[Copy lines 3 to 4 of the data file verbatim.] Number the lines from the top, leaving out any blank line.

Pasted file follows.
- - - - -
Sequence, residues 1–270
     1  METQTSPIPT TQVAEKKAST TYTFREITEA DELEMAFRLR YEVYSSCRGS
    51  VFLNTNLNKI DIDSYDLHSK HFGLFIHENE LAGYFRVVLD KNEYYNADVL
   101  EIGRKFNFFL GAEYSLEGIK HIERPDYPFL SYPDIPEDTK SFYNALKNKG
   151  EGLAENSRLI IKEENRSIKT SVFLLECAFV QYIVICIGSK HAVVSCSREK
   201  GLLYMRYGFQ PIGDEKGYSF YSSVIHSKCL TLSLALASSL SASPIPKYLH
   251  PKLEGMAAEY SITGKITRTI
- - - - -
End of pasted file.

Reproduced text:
    51  VFLNTNLNKI DIDSYDLHSK HFGLFIHENE LAGYFRVVLD KNEYYNADVL
   101  EIGRKFNFFL GAEYSLEGIK HIERPDYPFL SYPDIPEDTK SFYNALKNKG